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Neuropsychopharmacology. 2017 May;42(6):1182-1191. doi: 10.1038/npp.2016.277. Epub 2016 Dec 15.

Genetic and Modeling Approaches Reveal Distinct Components of Impulsive Behavior.

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Department of Psychiatry, Columbia University, New York, NY, USA.
Department of Psychiatry, New York State Psychiatric Institute, New York, NY, USA.
Department of Biostatistics, Mailman School of Public Health, Columbia University, New York, NY, USA.
Department of Psychiatry, Translational Neuroscience Program; Center for Neuroscience Program and Center for the Neural Basis of Cognition, University of Pittsburgh, Pittsburgh, PA, USA.
Psychology Departments, Barnard College and Columbia University, New York, NY, USA.
Department of Pharmacology, Columbia University, New York, NY, USA.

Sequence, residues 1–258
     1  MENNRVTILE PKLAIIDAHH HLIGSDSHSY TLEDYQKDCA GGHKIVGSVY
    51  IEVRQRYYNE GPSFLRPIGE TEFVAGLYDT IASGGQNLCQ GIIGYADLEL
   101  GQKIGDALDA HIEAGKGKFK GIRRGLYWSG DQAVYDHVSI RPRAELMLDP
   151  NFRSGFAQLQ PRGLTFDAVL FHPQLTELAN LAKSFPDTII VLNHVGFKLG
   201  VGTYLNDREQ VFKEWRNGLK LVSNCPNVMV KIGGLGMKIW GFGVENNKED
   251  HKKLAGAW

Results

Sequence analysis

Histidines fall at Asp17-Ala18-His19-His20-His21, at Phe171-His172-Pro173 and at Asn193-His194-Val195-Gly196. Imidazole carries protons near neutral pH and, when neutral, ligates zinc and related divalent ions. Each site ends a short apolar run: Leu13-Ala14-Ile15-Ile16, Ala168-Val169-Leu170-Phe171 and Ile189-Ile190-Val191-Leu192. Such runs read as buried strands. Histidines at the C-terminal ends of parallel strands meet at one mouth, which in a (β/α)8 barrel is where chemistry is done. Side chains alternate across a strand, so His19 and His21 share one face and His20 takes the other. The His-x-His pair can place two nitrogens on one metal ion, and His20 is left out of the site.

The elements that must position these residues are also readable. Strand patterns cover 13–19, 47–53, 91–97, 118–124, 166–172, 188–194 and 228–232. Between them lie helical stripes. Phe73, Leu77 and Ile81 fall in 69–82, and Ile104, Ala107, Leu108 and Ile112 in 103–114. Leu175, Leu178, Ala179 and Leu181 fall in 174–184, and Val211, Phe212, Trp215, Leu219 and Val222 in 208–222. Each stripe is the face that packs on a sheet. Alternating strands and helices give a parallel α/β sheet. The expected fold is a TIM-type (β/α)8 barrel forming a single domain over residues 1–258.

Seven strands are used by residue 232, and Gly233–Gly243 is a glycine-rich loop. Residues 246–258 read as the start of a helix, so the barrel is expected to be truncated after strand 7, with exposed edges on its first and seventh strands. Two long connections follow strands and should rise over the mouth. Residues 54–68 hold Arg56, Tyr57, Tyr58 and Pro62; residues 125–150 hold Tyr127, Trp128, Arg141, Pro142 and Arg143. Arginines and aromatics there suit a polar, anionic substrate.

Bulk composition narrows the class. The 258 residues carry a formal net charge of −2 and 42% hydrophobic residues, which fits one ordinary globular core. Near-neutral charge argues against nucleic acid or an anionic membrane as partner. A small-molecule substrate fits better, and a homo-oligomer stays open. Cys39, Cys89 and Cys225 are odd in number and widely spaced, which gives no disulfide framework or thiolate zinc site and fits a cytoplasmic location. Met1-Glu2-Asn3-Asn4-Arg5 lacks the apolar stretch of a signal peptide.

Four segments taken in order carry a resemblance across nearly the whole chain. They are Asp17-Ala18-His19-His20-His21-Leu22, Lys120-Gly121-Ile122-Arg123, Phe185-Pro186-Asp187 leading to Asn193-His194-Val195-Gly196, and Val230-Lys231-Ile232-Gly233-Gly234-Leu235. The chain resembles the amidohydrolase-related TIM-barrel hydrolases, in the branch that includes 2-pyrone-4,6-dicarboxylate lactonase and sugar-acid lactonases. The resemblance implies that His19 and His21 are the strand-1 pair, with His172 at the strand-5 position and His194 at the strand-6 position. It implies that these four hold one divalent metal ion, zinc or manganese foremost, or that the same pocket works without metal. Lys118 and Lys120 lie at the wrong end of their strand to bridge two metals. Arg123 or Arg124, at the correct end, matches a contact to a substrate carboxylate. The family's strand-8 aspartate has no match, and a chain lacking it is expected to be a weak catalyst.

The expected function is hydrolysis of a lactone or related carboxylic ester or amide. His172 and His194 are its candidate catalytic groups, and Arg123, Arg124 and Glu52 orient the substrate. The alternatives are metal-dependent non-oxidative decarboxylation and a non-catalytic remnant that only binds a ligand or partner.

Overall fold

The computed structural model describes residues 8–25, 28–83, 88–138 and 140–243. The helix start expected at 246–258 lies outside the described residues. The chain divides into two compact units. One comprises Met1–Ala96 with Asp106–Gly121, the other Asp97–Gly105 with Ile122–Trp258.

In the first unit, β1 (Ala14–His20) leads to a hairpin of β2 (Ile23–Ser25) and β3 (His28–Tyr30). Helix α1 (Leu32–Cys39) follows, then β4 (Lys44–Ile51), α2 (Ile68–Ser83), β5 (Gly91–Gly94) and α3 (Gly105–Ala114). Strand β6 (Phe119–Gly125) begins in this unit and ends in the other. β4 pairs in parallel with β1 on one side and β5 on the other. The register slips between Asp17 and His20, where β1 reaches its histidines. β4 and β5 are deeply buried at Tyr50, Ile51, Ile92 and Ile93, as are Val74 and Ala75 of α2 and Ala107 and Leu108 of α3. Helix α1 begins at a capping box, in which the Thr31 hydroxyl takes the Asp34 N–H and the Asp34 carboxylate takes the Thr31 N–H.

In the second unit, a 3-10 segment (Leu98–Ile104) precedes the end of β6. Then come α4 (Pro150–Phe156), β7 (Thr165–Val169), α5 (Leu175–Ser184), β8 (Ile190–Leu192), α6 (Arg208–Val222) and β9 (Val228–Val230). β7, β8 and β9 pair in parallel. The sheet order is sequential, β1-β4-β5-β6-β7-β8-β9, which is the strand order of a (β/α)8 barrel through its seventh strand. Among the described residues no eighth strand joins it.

Impulsivity is an endophenotype found in many psychiatric disorders including substance use disorders, pathological gambling, and attention deficit hyperactivity disorder. Two behavioral features often considered in impulsive behavior are behavioral inhibition (impulsive action) and delayed gratification (impulsive choice). However, the extent to which these behavioral constructs represent distinct facets of behavior with discrete biological bases is unclear. To test the hypothesis that impulsive action and impulsive choice represent statistically independent behavioral constructs in mice, we collected behavioral measures of impulsivity in a single cohort of mice using well-validated operant behavioral paradigms. Mice with manipulation of serotonin 1B receptor (5-HT1BR) expression were included as a model of disordered impulsivity. A factor analysis was used to characterize correlations between the measures of impulsivity and to identify covariates. Using two approaches, we dissociated impulsive action from impulsive choice. First, the absence of 5-HT1BRs caused increased impulsive action, but not impulsive choice. Second, based on an exploratory factor analysis, a two-factor model described the data well, with measures of impulsive action and choice separating into two independent factors. A multiple-indicator multiple-causes analysis showed that 5-HT1BR expression and sex were significant covariates of impulsivity. Males displayed increased impulsivity in both dimensions, whereas 5-HT1BR expression was a predictor of increased impulsive action only. These data support the conclusion that impulsive action and impulsive choice are distinct behavioral phenotypes with dissociable biological influences that can be modeled in mice. Our work may help inform better classification, diagnosis, and treatment of psychiatric disorders, which present with disordered impulsivity.

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